Festival founder Matthew Durrant writes for Clash...

Salford lives in the shadow of its bigger sibling, but its time for The Other City step out of the shadows and into the light.

Home to a widespread creative community, Salford hosts this weekend's immaculate all-day event Sounds From The Other City, a daring multi-venue exposition of fresh talent.

Here, co-founder Matthew Durrant writes for Clash about what makes Salford for special, and how Sounds From The Other City acts as both a platform and accelerator for the surrounding community.

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The trip into Salford is so short that you may not even notice you’ve made it. Most travelling bands who play, say, The Eagle Inn, still brand themselves as playing Manchester, and no fans who see a show at Islington Mill ever take to the comments section on Facebook to implore their favourite band to add a Manchester date.

Despite this, there’s very definitely a different flavour to Salford - and even to Chapel Street, the area just a few short steps across the River Irwell that has acted as the central hub of Sounds from the Other City (SFTOC) festival since 2004. Some of this is indescribable without going into the minutiae of each respective conurbation, but there are very definitely certain things about the Other City that have contributed to and inspired SFTOC to become the focal point of many thousand calendars.

An annual celebration of new music, art, and community, Sounds is celebrating its 15th anniversary this Sunday (5 May) with a Quindecennial celebration. Over the 10 years that I’ve been involved in the festival across various different roles (fan, volunteer, social media manager), I’ve seen the many ways in which the unique surrounds of Salford have instructed the festival, and how the character of this city has become a vital part of our success.

Redevelopment has happened quickly of late on Chapel Street - but even so, there’s still a lot of the same spirit that encapsulated the early days of our festival. The majority of SFTOC venues over the years have been slightly awkward spaces that don’t commonly hold gigs, but all with enormous amounts of character that shinier venues elsewhere don’t quite hold.

Many of these have been pubs, classic Salford boozers like The Salford Arms, The Old Pint Pot, The New Oxford, and The Kings Arms, where the festival sees art school students mix with the locals for at least thing one glorious day, but we’ve been fortunate enough to use venues both ridiculous (Andrew W.K. once called in a show to a single person in a phone box) and sublime (St. Philips Church has been a fixture, while we’ve been blessed with several BBC Philharmonic collaborations held in Salford Cathedral).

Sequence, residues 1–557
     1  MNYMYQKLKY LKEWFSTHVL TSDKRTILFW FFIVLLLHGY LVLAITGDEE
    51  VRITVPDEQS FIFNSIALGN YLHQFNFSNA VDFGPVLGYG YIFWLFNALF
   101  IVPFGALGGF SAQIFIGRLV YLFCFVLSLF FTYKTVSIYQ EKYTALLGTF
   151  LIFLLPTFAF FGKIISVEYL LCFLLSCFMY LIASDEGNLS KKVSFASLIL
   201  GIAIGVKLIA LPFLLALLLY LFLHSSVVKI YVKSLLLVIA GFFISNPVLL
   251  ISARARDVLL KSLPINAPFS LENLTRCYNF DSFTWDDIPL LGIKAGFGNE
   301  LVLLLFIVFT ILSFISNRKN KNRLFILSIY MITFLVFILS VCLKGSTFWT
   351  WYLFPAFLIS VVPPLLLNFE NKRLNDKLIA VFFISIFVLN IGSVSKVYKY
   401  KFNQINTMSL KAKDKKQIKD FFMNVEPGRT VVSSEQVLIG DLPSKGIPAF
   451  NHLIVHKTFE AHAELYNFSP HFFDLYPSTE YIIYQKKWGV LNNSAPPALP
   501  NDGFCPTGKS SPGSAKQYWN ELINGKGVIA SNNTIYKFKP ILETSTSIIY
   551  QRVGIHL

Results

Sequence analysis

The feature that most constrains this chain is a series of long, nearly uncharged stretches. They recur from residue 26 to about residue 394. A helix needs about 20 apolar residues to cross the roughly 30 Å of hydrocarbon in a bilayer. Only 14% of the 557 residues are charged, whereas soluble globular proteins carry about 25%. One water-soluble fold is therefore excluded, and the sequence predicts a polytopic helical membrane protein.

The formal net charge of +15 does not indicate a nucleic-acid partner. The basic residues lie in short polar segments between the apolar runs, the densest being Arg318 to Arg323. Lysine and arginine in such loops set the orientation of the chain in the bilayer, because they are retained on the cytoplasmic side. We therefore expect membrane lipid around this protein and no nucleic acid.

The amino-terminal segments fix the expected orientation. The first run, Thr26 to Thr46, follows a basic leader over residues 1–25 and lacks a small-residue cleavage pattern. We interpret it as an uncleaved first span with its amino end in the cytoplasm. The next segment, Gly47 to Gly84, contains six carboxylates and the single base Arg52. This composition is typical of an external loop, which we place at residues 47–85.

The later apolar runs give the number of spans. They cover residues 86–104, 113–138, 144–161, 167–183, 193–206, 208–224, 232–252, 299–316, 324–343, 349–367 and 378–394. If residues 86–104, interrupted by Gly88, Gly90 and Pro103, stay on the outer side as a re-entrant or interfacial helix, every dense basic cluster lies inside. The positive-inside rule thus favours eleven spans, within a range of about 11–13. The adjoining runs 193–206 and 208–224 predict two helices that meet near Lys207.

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This special edition of the festival has seen us condense the format down to one area that epitomises the constant re-growth and renewal that characterises Salford: Regent’s Trading Estate. Based just behind Islington Mill, the estate is a number of Warehouses that gradually fell into disuse, before now quickly being reclaimed and repurposed by creatives and used for a greater good.

Caustic Coastal have held their own gallery there for a number of years, while local institution Marc The Printers found a home in the complex when faced with issues by past landlords. We’ll be making the whole site our own again this year, a seemingly difficult to love space that feels like it could only be as cherished as it is in Salford.

To many people, SFTOC is Islington Mill - or, at least, it is the creative community who practice there. Many of the most out-there ideas that have made the festival what it is have been forged there, and the commitment to turning one corner of Salford into paradise for one day of a year always feels particularly poetic.

For each of the past five years, the festival has had an artistic director - responsible for setting the tone of the day, both metaphorically and aesthetically. Four of these have had some form of strong link with The Mill (as it is known), and their intrinsic understanding of the city (as well as the strength of their artistic visions) have been vital.

Sometimes bizarre, often surreal, these transformations have always been sensitive to their surroundings, and enthusiastically accepted by our venues. For this edition, we’re bringing each of the 5 back to decorate a stage each: a fitting way to cap off the first 15 years of a festival.

While I’ve personally always called SFTOC the best day of the year, and I know that Chris Horkan (of Hey! Manchester, one of our promoters responsible for picking each year’s acts - another aspect that, I believe, has always kept everything varied and fresh) describes it as being like everyone’s birthday on the same day. T

The most apt name I’ve heard given to the festival, though, is Salford Christmas: a special day that happens only once a year, that some people wish could be every day, and would not work anywhere other than the Other City.

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Sounds From The Other City takes place on May 5th.

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